In this post, you’re going to learn how to create an Anki deck that not only makes learning more effective, but also more creative.
Specifically, you’re going to learn how to create the optimal number of decks to maximize your learning. (Hint: It’s not exact science, just pure reasoning)
That’s because using Anki for learning doesn’t just mean memorizing what you’ve learned.
It also means being able to apply your knowledge in creative ways — whether that be using your ideas to birth new ideas, using them as hooks for new knowledge, or using them as is.
That only happens, though, when you create effective decks.
One of my readers from the Philippines, Joseph, was able to review faster—from 2 hours to 1 hour—for his Board Exams because of creating effective decks, too:
Speaking of creative ways…what do you think is the most creative way to learn?
Is it when you’re learning one subject deeply and filtering every idea into the lens of that subject only?
Or is it when you’re learning widely and connecting ideas to form new insight?
Of course, your answer would be the latter.
But in reality, we were unconsciously programmed to prefer the first one!
That’s because it’s the exact way we’re taught to learn in school. Surprise, surprise! We call that type of learning “top-down learning.”
With top-down learning, you start with a predetermined category (determined by the school and its subjects, of course) and then believe that everything in that category should strictly be inside it.
Hence, “top-down”. There’s a predetermined hierarchy.
Surely, it’s an effective way for disseminating information, but just because we’re taught that way doesn’t mean we also have to think that way, too. Why? Because that’s not so creative, after all, isn’t it?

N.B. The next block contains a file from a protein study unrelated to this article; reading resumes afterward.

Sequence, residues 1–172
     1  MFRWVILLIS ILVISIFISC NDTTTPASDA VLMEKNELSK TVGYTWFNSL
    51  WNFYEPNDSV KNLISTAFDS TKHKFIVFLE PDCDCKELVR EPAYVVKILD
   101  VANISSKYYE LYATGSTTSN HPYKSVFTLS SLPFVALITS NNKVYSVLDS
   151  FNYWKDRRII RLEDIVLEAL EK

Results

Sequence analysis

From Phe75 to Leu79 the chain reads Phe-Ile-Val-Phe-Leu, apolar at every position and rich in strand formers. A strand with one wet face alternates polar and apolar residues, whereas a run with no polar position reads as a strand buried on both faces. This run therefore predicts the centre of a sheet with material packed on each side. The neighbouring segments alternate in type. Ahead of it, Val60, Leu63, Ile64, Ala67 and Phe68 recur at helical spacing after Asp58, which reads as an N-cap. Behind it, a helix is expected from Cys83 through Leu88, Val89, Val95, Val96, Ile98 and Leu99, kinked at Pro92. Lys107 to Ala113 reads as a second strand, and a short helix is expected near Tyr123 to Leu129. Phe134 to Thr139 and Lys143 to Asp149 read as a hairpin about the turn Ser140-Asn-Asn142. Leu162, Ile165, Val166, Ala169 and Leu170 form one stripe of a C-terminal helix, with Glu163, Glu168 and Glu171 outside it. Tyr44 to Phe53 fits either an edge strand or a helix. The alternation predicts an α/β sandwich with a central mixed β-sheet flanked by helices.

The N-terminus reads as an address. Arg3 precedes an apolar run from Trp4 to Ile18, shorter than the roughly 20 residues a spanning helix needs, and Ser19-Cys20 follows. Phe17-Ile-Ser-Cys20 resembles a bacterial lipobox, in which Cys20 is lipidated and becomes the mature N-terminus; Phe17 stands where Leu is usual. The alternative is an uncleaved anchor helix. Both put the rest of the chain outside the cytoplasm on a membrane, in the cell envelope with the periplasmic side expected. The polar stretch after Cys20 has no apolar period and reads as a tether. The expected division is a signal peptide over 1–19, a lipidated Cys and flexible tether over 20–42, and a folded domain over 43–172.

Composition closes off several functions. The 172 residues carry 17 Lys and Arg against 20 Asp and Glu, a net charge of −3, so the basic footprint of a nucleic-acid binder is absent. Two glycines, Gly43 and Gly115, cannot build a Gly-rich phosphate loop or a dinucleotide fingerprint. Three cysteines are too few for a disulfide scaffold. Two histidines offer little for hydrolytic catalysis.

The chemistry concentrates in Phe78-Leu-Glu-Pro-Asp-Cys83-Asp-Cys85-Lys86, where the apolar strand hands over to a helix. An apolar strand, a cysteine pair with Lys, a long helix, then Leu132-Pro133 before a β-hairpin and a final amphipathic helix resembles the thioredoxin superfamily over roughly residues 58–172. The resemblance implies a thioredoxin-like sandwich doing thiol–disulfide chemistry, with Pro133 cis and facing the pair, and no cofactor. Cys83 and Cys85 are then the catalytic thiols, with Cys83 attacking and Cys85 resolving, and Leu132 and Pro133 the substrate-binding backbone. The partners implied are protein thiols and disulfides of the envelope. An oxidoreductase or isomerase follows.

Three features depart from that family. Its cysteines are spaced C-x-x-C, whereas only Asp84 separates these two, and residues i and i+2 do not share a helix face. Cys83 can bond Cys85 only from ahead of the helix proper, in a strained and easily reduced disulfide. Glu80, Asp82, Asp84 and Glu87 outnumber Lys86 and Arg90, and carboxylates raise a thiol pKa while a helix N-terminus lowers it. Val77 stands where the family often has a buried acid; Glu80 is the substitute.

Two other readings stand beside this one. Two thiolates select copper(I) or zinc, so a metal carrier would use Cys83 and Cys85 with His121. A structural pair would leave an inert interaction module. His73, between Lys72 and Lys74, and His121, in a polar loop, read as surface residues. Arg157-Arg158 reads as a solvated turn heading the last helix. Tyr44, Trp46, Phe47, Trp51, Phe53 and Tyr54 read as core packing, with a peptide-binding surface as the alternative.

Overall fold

Yet, Anki newbies approach Anki learning the same way; they create too many decks — one deck for each topic, and then further dividing them into sub-topics. (Of course, these beginners I’m talking about does not include those who’ve read my Anki post 😉)
That’s suboptimal on multiple levels for creative learning.
Two reasons why it’s suboptimal:
- Not everything you’ll learn will be conveniently categorized into topics in the first place — especially in the real world
- Transfer of knowledge from one topic to another becomes essentially difficult
The reverse approach — bottom-up learning — is much better.
With the bottom-up approach, transfer of knowledge from one topic to another is more probable.
There’s no “strict” hierarchies, after all.
The “hierarchies” that were supposed to be predetermined now emerges from the cards.
Let me give an analogy:
If knowledge were a biological system, then each topic is an organ containing a portion of it.
The organ must have a system to begin with before it can function properly—otherwise, it’s just a useless combination of cells.
In a similar way, decks are the giant system that has a single function: to make the topics work together, build upon each other, and ultimately create “idea babies” and strong “idea families”.
This deepens your understanding, and thus strengthens your retention more than spaced repetition alone.
Now, I won’t tell you exactly how “idea babies” are made, but it’s safe to guess that your next question is:
How can I create decks that allow creative learning?
My rule is simply to use as few decks as possible. Ideally, a single deck for continuous learning. (Remember what I said in the first post?)
Michael Neilsen, one of the pioneers of quantum computing (!), apparently does the same thing:
The big benefit, aside from creativity, is Interleaving.
According to this article [referring to students]: